Recently I read many posts about the “new” sub-genre between Young Adult and Adult Fiction, New Adult. New Adult is a new emerging genre between the two sections targeting 16 through 23 year old readers. The content of the books features explicit sexual/romantic situations that occur to “new” Adults in that age range. Britain has jumped on the craze and now offers them to the younger readers as well (calling them “steamies”). Many of these were originally self-published books that blew up because of Internet buzz that are now being published in book formats (such as Beautiful Disaster, The Vincent Boys, and Crash). As far as it being “the hot new thing” all I have to say is this – New Adult is a marketing term, pure and simple. It has always been out there, it’s just now starting to rise to public awareness because publishers and authors are cranking it out. It’s not any different from any other marketing term. We’re just hearing more about it now.
For me, as a bookseller, it’s bothersome for one reason – the name. Give the readers all the salacious material they can handle. I have no problem with that. It’s the name NEW ADULT that grates on my nerves. When you say the name aloud to a customer it causes confusion. They can’t separate the NEW from the idea… they just think you are referring to something as a “newer” adult fiction title, and that is not good. It’s the same kind of confusion caused by asking for a Non-Fiction title as opposed to a specific derivation of Non-Fiction, like History, Sciences, or Sociology. It’s just too confusing as of yet to drop the term without having to explain what it is.
My thought is this – let’s call a spade a spade. It’s Young Adult Erotica, that is what it is. If you have scenes of titillation with proper terminology to genitals and orgasms than it is erotica. If you waft around the name for genitals and refer to it as a “blooming flower, soft petals,” or and other Romantic metaphor for them than it’s Romance, and then it should be called Young Adult Romance. Thus far at the bookstore we have been shelving the lion share of New Adult in Romance because of price point more than content. A larger quality paperback retailing at $15 gets shelved in Romance because Romance customers will pay that without batting an eye, as will younger readers buying from the Romance section. If a QP gets shelved in YA at $15, well, trust me, people notice. There are the exception to this – the Abbi Glines and Nicole Williams books have been released under Young Adult imprints, therefore they can be found there. Because they are cheaper rather than safer. Whether bookstores are going to make a separate shelf once the craze kicks up is any one’s guess.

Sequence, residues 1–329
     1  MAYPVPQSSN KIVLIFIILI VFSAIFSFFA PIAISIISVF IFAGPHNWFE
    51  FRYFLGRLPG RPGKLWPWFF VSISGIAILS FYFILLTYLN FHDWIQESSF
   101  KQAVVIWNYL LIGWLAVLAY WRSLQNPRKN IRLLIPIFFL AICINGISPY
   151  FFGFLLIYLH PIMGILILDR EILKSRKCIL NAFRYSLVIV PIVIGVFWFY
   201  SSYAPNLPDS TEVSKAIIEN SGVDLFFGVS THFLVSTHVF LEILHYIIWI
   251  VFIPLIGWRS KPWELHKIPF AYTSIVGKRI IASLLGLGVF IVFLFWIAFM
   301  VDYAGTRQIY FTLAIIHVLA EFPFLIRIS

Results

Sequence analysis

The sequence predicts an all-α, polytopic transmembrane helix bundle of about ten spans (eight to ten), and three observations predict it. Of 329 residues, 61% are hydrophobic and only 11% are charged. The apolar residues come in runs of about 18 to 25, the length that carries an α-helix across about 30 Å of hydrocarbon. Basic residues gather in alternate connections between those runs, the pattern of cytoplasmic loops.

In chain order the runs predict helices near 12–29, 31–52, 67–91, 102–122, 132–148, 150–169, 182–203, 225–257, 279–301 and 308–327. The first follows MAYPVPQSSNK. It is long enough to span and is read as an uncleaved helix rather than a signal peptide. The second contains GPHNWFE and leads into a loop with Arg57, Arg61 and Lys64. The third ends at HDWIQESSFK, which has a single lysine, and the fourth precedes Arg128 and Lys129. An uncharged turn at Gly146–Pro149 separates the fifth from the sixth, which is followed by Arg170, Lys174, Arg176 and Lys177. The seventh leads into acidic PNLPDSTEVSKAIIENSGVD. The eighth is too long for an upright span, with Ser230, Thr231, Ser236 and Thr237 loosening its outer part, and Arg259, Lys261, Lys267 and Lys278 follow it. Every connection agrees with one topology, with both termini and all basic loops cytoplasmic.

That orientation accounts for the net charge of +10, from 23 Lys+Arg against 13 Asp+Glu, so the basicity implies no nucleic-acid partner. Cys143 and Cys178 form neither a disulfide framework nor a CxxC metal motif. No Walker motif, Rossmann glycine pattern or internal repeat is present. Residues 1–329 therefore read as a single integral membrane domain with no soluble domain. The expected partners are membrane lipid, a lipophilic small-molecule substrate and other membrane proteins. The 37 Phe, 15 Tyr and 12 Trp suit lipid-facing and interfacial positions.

Now, I can see why people, publishers and the like, do not want to call the genre “Young Adult Erotica”. It leaves a bad taste in the mouth, if you’ll pardon the pointed pun. So, what other names can we call it? I personally prefer the term “Mature Young Adult” or, at the very least “Older Young Adult”. Putting the word “Mature” in front of it isolates it from all the other categories, clears up the confusion, and lets people (specifically the parents whose ten year old reads YA) know that the content is not aimed at children. Let’s face facts, the Young Adult genre appeals to readers as young as ten and older (I have sold HP to octogenarians for their own reading). Harry Potter and Twilight both proved that a series will appeal to a wider range of ages. It is unsurprising that new categories of it are going to be formed to make money. Publishing is all about marketing and marketing is all about money. New Adult is making money, despite the unfortunate name. And it’s going to keep making money the more we talk about it.
Personally, I always thought a “young adult” was a 16 – 20 year old and a “teen” was the age that YA targets, 12/13-18/19. But that’s just me mincing words now. Unless that means that the Young Adult section has been improperly designated for years. Hmmm… food for thought.
Thoughts? Comments? Questions? Bueller? Bueller?